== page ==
Howard's perilous financial condition precluded it from financing the completion of the remaining buildings. However, it agreed to extend the loan for twenty-eight years and reduce the interest rate significantly for a period of time. The interest rate was then to be increased at various intervals. Without these modifications, the partnership could not survive. Coyle nevertheless refused to sign the loan documents. In a written statement dated January 27, 1992, Coyle demanded a guarantee that his partnership interest would not be decreased beyond twenty percent as the price for his agreement to sign the refinancing documents. Coyle also demanded the payment of substantial monies to him by Sebring as a condition for his consent to the restructuring agreement. Time was of the essence in accomplishing the restructure. Howard was within four months of being taken over by the FDIC and sold to First Fidelity Bank. After many threats to put the partnership in bankruptcy, Coyle finally signed the refinance documents.
It was during this time period that Coyle began secretly to tape record his conversations with Canino and Palmeri. We digress to note that before trial, several of the tapes were turned over to plaintiffs' attorney, who charged that Coyle had tampered with them by "overtap[ing]" conversations with the partners. Coyle withdrew his proffer to introduce the tapes in evidence.
The February 1992 restructure did not provide any additional money from Howard, so the need for cash calls continued. Canino and Palmeri responded by providing large infusions of capital. Coyle did nothing. From January 1 to May 1992 alone, Palmeri had to contribute personally $287,300, and Canino had to put in $808,500. From June 1992 through December, Palmeri contributed another $280,000 and Canino $60,500. Additional contributions thereafter had to be made in cash of $1,124,809 by Palmeri and $782,035 by Canino. Canino and Palmeri mortgaged their homes and personal properties to save Sebring.
Finally, Canino and Palmeri decided to terminate Coyle's interest in the partnership. The determination was confirmed in a letter dated June 17, 1992. According to the calculations of plaintiffs' expert, Robert DePasquale, as of December 31, Canino had a positive capital balance of $943,855, Palmeri had a positive capital balance of $824,054, and Coyle had a negative balance of $341,640.
At trial, plaintiffs presented evidence indicating that the partnership was in severe financial straits at the time of Coyle's termination. In April 1993, Howard's successor, First Fidelity Bank, obtained an appraisal valuing the Hackensack property at $35 million. The mortgage held by the bank was well in excess of $40 million. Although the judge harbored reservations concerning the accuracy of that appraisal, she found that "the real estate was still worth less than the mortgage amount" at the time of the termination, and that Sebring had "no equity" in the property at that point.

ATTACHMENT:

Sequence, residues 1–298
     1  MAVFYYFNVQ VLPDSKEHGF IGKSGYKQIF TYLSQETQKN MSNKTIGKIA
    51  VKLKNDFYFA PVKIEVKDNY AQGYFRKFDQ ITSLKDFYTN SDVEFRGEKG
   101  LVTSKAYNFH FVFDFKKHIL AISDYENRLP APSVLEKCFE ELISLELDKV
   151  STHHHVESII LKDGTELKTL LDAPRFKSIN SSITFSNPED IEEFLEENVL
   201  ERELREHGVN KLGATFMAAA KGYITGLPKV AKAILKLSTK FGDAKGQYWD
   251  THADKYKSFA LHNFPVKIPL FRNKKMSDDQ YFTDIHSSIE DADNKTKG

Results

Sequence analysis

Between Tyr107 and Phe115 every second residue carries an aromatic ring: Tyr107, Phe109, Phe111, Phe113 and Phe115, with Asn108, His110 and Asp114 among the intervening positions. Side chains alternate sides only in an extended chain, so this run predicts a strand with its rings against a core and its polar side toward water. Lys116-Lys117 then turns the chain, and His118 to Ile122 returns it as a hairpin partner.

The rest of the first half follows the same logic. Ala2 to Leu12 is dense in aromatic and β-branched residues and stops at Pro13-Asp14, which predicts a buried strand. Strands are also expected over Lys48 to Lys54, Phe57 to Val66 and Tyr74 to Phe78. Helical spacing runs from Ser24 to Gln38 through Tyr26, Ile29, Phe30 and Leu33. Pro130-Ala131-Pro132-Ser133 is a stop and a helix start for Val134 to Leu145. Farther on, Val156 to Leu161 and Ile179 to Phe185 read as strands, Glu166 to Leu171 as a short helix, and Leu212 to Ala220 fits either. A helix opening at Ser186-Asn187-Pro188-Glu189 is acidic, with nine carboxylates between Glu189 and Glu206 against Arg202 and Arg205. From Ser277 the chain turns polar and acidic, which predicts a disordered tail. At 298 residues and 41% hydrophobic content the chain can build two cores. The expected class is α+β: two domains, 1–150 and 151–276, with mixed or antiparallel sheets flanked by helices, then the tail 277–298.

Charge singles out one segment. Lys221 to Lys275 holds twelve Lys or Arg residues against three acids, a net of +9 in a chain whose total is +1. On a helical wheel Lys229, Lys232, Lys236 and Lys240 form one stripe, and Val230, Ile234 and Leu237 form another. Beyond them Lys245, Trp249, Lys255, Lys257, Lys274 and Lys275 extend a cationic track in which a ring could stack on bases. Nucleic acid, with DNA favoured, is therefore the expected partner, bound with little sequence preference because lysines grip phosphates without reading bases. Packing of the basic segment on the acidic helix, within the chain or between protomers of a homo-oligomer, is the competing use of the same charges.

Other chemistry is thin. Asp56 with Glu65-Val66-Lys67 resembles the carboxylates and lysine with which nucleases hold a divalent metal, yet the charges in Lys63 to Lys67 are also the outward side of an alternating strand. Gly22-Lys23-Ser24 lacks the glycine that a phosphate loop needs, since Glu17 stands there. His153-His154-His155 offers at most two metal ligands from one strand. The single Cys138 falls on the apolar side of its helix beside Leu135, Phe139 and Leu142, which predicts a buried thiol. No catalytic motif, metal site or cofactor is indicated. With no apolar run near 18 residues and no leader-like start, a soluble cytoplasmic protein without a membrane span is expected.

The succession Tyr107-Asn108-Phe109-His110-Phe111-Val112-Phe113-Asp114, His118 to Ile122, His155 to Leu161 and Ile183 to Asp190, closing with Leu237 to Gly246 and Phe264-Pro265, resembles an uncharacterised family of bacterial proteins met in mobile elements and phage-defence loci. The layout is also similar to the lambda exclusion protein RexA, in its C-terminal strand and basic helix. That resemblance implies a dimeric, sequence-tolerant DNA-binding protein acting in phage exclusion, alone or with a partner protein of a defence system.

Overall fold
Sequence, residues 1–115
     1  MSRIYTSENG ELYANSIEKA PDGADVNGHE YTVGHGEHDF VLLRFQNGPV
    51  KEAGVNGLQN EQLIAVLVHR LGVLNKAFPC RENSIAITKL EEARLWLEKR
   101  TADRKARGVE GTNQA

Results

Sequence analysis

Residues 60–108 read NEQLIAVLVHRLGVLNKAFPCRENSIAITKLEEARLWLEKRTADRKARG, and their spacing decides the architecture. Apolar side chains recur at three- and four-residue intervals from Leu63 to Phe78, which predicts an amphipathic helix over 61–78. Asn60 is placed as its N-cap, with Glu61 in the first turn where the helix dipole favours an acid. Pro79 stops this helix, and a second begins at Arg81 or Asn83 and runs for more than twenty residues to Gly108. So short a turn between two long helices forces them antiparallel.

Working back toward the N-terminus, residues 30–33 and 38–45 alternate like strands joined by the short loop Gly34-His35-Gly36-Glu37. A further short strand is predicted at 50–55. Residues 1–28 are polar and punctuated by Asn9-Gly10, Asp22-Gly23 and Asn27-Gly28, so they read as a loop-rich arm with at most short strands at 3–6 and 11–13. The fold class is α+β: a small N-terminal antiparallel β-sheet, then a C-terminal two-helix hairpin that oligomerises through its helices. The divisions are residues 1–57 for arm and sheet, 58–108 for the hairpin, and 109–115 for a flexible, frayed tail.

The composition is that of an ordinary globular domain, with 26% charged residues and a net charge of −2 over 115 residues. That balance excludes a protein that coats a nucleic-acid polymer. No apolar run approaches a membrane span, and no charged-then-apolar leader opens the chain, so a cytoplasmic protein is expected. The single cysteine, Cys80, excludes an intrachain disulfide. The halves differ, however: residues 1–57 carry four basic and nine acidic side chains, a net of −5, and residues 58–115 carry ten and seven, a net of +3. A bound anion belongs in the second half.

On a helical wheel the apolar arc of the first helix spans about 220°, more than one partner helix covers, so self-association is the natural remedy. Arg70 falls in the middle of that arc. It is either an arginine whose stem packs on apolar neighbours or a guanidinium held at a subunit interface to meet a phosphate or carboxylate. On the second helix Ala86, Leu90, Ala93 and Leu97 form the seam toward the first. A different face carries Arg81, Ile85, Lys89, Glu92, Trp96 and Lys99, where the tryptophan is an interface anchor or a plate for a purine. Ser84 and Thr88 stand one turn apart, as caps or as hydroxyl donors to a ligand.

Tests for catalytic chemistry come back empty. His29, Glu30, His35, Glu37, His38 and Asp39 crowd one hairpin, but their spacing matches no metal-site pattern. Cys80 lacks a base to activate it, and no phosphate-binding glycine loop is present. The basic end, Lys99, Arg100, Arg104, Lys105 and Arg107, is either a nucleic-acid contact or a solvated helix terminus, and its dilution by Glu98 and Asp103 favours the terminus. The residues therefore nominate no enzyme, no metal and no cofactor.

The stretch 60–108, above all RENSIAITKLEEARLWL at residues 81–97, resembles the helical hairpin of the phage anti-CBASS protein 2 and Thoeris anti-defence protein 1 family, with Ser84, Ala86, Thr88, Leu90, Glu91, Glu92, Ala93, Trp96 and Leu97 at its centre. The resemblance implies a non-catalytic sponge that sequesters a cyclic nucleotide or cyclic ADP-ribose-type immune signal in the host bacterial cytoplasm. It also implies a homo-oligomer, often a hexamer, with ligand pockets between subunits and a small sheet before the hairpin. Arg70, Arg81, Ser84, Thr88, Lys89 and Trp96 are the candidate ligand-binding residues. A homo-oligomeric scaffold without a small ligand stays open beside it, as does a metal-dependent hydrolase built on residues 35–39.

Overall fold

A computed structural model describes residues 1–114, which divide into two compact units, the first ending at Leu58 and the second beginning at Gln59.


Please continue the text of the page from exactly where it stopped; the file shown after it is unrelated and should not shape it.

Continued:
We need not recount at length subsequent events pertaining to Sebring. Suffice it to say, in the seven years that passed between the termination of Coyle's partnership interest and the trial, Canino and Palmeri were able to obtain additional financing for completion of the second tower and the amenities building. The entire enterprise was turned from a losing venture to an extremely profitable one.
In her forty page opinion, Judge Marguerite Simon concluded that "Coyle's failure to meet the cash calls, his taping of conversations with partners, and his general refusal to accept responsibility [constituted] 'conduct . . . tend[ing] to affect prejudicially the carrying on of the business' [of the partnership] . . . and a persistent breach of the partnership agreement" under sections 32(c) and 32(d) of the Uniform Partnership Law (UPL) (N.J.S.A. 42:1-1 to -49) (since repealed). In reaching this conclusion, the judge found specifically that Coyle's primary role in the Sebring partnership was to provide financial strength in order to obtain necessary financing, but that he utterly refused to satisfy that mission. The judge referred to evidence suggesting that Coyle had deliberately concealed his personal assets to avoid fulfilling his partnership obligation. The judge rejected plaintiffs' claim that Coyle was solely responsible for the Total Care debacle. We note in that respect, however, that the judge did not dismiss plaintiffs' theory that Coyle enticed the partners into participating in the Total Care venture in order to enable Rodigas to pay the debt owed to him. Nor did she discount the testimony that Coyle had concealed the severity of Rodigas's illness. The judge, instead, found that plaintiffs failed to prove that they relied on Coyle's misrepresentation in entering into the transaction. The judge entered an order terminating the partnership but allowing Canino and Palmeri to continue the business.
In determining Coyle's interest in the partnership and in assessing damages, the judge found that Coyle's Powder Mill loan, although technically a personal debt, was treated by Sebring as a partnership obligation. While noting that the debt was probably uncollectible because the limitations period had expired, the judge found that it was the responsibility of the partnership, and that Coyle could not be credited with the $900,000 amount in determining his capital contribution and monetary interest in the partnership.